It’s been, as usual, a very busy month for us. My Middles are both taking Driver’s Ed, which in Maine means 3 weeks of class plus driving time with the instructor. And this month the only class available was in town – 30 minutes away. So I’m spending a lot of time driving them back and forth now so that I don’t have to spend a lot of time driving them everywhere later. Somehow this makes sense. It makes me just a little crazy (and angry) when I hear people talking about how fast they can get from one place to another, and let’s not even think about how many people are on their phones while they drive. Two more of my babies are on the road now. Please drive safely.
Yesterday after I dropped the Middles off for class and drive time, the Littles and I headed a bit further down the road to visit my grandparents. They’re in an assisted living home temporarily while my mom recuperates from surgery. Unfortunately, my mom is an hour away in one direction, and my grandparents are an hour away in the other direction, so our visits are limited.
My grandmom cried when she opened the door. It’s a usual reaction from her when someone surprises her, but it’s still a hard reaction to handle. Can you imagine what it must be like to be so happy to see someone that you cry?
My grandmom is the one who taught me to sew. She was a bit of a seamstress, sewing things and altering clothing for friends, family and neighbors to make a bit of “pin money”. She had her sewing machine set up in the middle bedroom of their home, and I remember fondly standing by her side while she worked. She helped me earn my Sewing Merit Badge when I was a Girl Scout, showing me how to make a pattern from an item of clothing and then sew it together.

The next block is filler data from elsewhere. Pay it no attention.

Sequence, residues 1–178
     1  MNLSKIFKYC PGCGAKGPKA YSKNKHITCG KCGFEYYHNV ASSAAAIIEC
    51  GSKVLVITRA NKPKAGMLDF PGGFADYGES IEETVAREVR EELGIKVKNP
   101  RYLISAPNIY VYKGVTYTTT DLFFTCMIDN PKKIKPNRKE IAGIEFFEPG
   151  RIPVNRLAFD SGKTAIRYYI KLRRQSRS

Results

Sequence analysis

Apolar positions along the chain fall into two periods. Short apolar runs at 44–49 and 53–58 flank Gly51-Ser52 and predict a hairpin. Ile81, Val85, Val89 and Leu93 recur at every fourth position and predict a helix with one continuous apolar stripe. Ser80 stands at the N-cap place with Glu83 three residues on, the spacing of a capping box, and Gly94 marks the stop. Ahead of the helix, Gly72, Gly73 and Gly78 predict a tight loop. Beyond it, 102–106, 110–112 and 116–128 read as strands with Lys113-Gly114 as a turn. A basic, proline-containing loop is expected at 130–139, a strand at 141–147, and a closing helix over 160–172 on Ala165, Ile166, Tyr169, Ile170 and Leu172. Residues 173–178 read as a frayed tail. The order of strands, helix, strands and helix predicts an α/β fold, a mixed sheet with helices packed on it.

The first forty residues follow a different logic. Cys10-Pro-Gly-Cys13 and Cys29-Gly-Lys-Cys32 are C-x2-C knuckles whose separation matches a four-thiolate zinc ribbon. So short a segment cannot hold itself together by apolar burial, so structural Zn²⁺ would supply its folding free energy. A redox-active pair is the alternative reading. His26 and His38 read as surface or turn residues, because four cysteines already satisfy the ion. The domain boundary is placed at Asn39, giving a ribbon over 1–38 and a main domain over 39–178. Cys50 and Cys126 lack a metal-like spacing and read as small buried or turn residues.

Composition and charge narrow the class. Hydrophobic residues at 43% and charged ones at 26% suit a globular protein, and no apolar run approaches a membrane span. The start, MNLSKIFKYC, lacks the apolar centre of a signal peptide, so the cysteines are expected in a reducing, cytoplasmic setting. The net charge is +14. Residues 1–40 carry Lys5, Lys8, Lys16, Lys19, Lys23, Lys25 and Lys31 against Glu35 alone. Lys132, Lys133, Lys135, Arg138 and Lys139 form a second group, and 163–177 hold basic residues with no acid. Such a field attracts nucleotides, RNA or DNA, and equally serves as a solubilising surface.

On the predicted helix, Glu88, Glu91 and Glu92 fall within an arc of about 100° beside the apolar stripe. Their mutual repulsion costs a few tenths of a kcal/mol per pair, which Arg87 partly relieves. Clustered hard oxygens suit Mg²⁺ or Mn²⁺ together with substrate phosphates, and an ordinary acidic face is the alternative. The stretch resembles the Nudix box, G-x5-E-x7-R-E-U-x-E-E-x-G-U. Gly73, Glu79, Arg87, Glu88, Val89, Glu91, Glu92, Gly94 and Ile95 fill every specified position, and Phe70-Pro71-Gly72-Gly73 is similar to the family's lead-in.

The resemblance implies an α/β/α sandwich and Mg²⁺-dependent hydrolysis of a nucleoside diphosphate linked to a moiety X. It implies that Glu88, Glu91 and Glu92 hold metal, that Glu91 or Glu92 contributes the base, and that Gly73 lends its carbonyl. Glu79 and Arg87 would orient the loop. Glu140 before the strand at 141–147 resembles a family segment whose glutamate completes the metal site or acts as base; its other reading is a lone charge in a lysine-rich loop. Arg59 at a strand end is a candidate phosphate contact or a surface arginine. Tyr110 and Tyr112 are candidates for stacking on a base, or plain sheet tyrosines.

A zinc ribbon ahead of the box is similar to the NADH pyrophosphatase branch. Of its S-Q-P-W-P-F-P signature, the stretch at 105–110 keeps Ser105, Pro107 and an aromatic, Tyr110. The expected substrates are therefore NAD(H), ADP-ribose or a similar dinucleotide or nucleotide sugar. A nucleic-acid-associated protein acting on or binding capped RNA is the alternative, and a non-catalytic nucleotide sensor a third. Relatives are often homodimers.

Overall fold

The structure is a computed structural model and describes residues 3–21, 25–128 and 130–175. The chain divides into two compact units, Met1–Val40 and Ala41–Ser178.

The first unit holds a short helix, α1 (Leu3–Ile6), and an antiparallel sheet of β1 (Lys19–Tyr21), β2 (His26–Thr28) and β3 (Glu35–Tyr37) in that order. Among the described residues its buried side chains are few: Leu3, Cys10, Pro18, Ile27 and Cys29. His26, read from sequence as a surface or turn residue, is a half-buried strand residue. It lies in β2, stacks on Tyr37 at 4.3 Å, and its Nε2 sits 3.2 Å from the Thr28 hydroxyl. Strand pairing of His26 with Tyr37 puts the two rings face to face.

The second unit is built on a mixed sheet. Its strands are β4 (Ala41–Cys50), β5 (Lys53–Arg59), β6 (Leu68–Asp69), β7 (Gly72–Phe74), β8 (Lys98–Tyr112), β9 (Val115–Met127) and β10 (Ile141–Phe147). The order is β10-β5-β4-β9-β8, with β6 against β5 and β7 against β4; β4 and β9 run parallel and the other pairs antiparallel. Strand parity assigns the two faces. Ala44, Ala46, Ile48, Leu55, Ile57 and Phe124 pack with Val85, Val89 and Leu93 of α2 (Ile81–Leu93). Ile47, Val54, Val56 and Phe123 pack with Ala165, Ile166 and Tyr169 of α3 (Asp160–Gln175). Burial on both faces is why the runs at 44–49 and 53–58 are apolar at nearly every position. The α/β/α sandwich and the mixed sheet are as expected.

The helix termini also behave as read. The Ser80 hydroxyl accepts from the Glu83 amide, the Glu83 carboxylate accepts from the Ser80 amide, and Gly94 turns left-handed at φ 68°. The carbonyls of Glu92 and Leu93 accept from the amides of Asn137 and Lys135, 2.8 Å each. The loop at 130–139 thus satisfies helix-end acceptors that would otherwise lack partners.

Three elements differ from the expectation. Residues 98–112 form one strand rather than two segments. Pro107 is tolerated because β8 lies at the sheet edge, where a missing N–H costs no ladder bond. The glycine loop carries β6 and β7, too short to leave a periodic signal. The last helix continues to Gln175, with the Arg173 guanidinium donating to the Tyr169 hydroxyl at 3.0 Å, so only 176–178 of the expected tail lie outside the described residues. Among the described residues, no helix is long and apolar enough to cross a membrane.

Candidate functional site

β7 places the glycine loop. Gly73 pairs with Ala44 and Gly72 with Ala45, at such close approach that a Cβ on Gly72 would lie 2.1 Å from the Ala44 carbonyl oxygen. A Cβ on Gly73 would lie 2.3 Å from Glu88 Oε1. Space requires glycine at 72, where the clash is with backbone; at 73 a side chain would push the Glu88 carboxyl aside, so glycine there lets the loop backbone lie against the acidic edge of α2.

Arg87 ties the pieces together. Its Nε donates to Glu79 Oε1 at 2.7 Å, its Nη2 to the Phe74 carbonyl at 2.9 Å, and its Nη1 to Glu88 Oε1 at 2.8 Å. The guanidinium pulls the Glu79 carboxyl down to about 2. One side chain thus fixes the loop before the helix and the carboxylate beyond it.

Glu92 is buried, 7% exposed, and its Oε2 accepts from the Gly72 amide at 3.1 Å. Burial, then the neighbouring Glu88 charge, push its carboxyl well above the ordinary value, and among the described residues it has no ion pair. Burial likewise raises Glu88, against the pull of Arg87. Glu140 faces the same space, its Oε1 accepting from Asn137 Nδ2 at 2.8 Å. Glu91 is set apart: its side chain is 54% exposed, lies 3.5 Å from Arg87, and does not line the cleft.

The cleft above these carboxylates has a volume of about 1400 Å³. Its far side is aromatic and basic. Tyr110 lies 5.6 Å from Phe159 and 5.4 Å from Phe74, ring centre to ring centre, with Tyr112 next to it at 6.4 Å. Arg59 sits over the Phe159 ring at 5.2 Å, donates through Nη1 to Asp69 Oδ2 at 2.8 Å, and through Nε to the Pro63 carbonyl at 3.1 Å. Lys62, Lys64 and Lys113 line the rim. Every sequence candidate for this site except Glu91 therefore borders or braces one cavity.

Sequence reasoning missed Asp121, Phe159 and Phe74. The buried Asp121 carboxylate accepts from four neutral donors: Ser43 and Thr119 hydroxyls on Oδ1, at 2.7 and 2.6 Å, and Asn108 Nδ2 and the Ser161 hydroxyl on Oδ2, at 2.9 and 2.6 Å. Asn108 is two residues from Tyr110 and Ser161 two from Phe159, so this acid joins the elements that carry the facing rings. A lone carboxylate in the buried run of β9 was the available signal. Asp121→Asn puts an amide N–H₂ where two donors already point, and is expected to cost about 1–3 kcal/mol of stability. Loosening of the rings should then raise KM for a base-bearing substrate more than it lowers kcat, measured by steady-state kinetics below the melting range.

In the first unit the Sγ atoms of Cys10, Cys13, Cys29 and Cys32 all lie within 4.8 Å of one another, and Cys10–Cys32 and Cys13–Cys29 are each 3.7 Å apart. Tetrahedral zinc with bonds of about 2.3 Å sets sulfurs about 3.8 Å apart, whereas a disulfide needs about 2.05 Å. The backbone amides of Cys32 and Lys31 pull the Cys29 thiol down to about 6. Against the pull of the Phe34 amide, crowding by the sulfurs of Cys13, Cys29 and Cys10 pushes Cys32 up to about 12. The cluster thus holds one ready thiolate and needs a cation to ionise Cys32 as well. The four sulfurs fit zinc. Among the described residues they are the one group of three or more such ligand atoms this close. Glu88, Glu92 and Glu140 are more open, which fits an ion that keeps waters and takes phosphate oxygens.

Every time I see them, they, for the most part, tell the same stories. But instead of being bored with them, I’m honored. Because an awful lot of those stories, especially from Grandmom, are about things we did together. What an honor to be a part of a 92-year-old’s good memories. She talks about the swimming lessons she took my brother and I to, and about walking to the pool in the summertime. She talks about the sock monkeys she sewed with me by her side, about lining them up on the back of the sofa and naming them before she sold them. She talks about the songs we used to sing together. She talks about them over and over and over again, and I love hearing them.
Sometimes she’ll talk about other things – like when she was a child growing up during the Depression. My grandfather usually chimes in then, telling about the celery farm he worked at when he was about 11. Or the newspaper delivery route he and his brother had when he was 8. I love their stories. I hope we get to hear them for a long time yet.